In January 2020, the CPUC approved additional funding for SGIP. The approval provided an additional $675 million for the program and extended it until 2024. That means there is over $1 billion in incentives available through SGIP

    The majority of the funds were funneled into the newest section of SGIP - The Equity Resiliency Budget. The Equity Resiliency Budget was created in response to the increase of wildfires and Public Safety Power Shutoffs (PSPS) (AKA planned power outages) throughout California. 

    To qualify for the equity resiliency budget, a customer must:

    • Be considered a low-income customer
    • Live in a Tier 3 or Tier 4 fire risk area
    • Live in an area that has experienced two or more PSPS events
    • Be a critical facility that services a disadvantaged community, high fire risk area, or PSPS-affected area

    Energy storage projects that meet these criteria will receive a substantial SGIP incentive of $1,000 per kWh of battery storage installed. This increased rebate rate is believed to increase access to battery storage for the most vulnerable customers by covering almost the entire cost of installing battery storage.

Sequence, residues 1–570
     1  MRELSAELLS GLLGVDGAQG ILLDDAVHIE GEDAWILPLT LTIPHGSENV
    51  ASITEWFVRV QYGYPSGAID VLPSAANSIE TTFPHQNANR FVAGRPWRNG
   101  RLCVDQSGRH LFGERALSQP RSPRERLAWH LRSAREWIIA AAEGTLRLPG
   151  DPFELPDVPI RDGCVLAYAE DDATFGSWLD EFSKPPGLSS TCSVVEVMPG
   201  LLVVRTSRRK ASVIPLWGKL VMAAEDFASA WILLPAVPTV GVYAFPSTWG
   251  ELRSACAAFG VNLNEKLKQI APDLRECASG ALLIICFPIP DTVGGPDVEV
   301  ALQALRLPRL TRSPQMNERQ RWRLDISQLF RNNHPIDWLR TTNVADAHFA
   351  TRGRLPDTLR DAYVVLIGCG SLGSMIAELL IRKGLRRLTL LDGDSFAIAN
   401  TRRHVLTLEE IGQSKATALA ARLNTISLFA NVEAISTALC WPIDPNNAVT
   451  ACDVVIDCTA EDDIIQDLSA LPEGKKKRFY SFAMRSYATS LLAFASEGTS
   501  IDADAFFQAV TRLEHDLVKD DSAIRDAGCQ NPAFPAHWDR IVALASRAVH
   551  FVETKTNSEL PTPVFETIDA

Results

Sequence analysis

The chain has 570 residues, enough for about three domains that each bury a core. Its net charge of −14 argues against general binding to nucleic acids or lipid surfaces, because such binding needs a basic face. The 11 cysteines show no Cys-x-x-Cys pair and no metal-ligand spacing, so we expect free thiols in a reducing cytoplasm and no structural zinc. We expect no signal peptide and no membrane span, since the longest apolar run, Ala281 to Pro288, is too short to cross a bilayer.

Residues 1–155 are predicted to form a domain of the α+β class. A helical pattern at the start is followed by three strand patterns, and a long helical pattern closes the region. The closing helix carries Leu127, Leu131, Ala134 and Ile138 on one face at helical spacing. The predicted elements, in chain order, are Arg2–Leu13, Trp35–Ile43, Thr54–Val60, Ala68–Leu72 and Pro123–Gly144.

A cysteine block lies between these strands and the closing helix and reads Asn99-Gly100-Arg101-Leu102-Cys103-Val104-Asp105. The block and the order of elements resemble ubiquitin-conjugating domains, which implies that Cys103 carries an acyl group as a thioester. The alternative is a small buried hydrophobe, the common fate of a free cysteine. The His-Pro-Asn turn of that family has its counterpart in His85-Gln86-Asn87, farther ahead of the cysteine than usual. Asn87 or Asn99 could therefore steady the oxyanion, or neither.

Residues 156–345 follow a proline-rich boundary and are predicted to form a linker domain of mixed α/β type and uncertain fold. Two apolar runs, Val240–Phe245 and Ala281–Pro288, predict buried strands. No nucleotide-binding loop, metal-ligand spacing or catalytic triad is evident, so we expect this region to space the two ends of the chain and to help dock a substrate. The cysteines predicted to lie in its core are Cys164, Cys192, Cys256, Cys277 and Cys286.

The new budget also allocated about $60 million to regular residential projects. This has allowed SGIP to extend beyond its original “five step” design. Now, the SGIP residential program is in Step 6, with an incentive level of $200 per kWh of solar battery storage installed. 

    What are the current SGIP incentive rates?

    In order to qualify for SGIP, applicants must be either a commercial, industrial, agricultural, or residential customer of Pacific Gas & Electric (PG&E), SoCalGas, Southern California Edison (SCE), or San Diego Gas & Electric (SDG&E). 

    Other California residents can apply through the Center for Sustainable Energy (CSE). PG&E, SCE, SoCalGas, SDG&E, and CSE are all SGIP Program Administrators, which distribute the incentives to applicants.